The Perfect Cigar Cutter

The Perfect Cigar Cutter
Date: August 2022
Author: Robustojoe

The best cigar cutter

The late, great, comedian George Carlin once said that life was about acquiring “stuff”. This is especially true for cigar smokers. To us, the need for “stuff” seems endless. Aside from continually buying cigars, we also need humidors, ashtrays, lighters, hygrometers, humidifiers, and above all, cigar cutters. Unless we want to look like Clint Eastwood in The Good, the Bad, and the Ugly, it’s best not to bite off the ends of our cigars. Instead, we more civilized folks prefer using cigar cutters; instruments designed to do one thing, and one thing only: to cut off the ends our cigars. Being of singular purpose, these precision instruments generally work well. But not all cigar cutters are created equal. Some are actually punches, and puncture rather than cut the cigar cap. Others look like small pruning shears, and use a scissor action. And then there is the “V” cutter, slicing a groove into the cap. There is no “correct” way to cut a cigar, and it’s simply a matter of personal preference. However, this article will focus on the most popular kind, the guillotine cutter. And like its name implies, its design dates back to Marie Antionette.

On the surface, one might think that all guillotine cutters would perform about the same. Yet over the years, I’ve gone through many guillotine cutters, and found that the subtle differences between them can make a big difference. There are a few factors that make one cutter better than another; let’s talk about them one at a time:

Sharpness: This seems like it would be obvious. After all, a cigar cutter is a knife, and the sharper the blade, the better the knife. But I’ve seen some scissor type cigar cutters that were dull beyond usefulness. These would squash, rather than cut a cigar. But generally, all guillotine cutters, even the promotional freebies, have sharp blades. Here the playing field is pretty level.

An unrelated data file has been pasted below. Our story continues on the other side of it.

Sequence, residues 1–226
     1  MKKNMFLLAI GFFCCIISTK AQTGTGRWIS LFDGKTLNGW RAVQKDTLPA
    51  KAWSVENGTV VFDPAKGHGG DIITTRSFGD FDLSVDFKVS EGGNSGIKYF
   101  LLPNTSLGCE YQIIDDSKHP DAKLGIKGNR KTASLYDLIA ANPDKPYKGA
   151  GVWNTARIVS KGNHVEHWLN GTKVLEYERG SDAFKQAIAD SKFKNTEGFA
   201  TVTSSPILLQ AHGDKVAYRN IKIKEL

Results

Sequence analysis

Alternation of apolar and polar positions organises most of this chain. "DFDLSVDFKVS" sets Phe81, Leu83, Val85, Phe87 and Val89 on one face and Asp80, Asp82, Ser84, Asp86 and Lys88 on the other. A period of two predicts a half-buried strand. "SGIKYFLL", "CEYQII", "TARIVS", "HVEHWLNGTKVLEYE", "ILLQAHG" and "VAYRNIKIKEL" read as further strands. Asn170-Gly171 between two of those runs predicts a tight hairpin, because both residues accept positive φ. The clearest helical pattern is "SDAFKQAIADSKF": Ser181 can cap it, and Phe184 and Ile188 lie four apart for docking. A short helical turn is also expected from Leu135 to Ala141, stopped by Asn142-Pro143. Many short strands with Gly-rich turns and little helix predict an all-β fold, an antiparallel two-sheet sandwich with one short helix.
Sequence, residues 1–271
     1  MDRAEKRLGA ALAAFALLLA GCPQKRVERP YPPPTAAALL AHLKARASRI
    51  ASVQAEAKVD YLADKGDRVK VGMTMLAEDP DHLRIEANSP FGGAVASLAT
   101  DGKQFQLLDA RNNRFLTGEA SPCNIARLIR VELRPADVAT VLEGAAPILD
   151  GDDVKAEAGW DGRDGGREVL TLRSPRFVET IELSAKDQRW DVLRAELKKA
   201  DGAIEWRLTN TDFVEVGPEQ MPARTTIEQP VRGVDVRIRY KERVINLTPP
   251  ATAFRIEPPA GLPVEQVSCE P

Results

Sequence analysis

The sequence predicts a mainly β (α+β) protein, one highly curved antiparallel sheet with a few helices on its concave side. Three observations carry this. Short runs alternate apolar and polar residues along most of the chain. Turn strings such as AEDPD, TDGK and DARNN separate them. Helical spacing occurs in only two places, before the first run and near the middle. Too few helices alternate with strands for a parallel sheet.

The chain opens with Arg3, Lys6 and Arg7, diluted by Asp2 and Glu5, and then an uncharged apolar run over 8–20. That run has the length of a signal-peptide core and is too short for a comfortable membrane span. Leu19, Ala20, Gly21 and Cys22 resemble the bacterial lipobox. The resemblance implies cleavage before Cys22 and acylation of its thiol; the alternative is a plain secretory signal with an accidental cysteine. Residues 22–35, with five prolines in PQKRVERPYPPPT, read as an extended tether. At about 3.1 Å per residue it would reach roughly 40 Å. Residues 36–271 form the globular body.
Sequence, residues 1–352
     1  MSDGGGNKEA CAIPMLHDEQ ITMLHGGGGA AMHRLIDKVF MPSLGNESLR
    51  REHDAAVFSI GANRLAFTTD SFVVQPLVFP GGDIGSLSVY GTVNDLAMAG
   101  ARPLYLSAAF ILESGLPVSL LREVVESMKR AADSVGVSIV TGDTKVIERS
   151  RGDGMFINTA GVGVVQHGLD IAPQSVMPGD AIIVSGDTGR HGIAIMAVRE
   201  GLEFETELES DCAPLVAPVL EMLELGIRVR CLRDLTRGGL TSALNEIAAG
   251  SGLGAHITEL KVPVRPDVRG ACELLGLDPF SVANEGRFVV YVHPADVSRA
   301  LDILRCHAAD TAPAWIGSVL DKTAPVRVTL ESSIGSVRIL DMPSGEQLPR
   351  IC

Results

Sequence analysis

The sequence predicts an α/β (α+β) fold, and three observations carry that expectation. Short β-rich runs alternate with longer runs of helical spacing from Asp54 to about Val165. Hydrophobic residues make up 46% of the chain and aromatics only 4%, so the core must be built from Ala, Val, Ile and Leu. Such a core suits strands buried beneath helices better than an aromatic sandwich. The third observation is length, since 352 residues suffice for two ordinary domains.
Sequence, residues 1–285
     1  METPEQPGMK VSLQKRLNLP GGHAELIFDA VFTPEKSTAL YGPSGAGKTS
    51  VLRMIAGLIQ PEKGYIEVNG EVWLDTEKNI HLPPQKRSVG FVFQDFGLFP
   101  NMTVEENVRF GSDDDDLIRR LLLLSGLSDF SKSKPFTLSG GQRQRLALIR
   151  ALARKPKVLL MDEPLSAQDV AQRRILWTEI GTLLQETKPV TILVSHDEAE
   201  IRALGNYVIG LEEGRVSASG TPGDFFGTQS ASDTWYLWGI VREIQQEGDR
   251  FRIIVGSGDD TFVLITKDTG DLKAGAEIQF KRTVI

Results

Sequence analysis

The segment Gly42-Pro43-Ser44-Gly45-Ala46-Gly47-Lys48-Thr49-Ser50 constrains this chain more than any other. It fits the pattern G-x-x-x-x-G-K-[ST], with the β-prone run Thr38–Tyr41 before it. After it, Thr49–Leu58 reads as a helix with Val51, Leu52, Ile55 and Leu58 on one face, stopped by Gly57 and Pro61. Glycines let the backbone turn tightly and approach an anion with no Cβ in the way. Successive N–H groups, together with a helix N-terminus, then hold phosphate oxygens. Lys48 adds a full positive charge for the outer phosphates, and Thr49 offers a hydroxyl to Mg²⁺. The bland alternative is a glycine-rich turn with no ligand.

One blade or two: Guillotine cutters fall into two categories: single or double blade. It has been my experience that the double blade cutters work better. Even with a razor-sharp cutting edge, a single blade cutter tends to squash the cigar as it cuts. With the introduction of a second blade, a cutter’s performance greatly improves. There is less compression when two blades work at opposing angles, and less compression means better draw. Common sense would assume that a two-blade cutter would be more expensive than one with a single blade. But that’s not true. The single blade Siglo Seki Cutter retails for $141.00, while the majority of twin blade cutters are under $20.00. One cutter worth mentioning is the Palio cutter ($44.95 retail). Although it’s got two ultra-sharp blades, its design acts more like a single blade cutter. Each blade is fixed to the body of the instrument; not “free floating” like some quillotine cutters. This design compresses the cap against the oversized body of the cutter. Cigars cut with the Palio seemed to have a slightly diminished draw compared to other guillotine designs.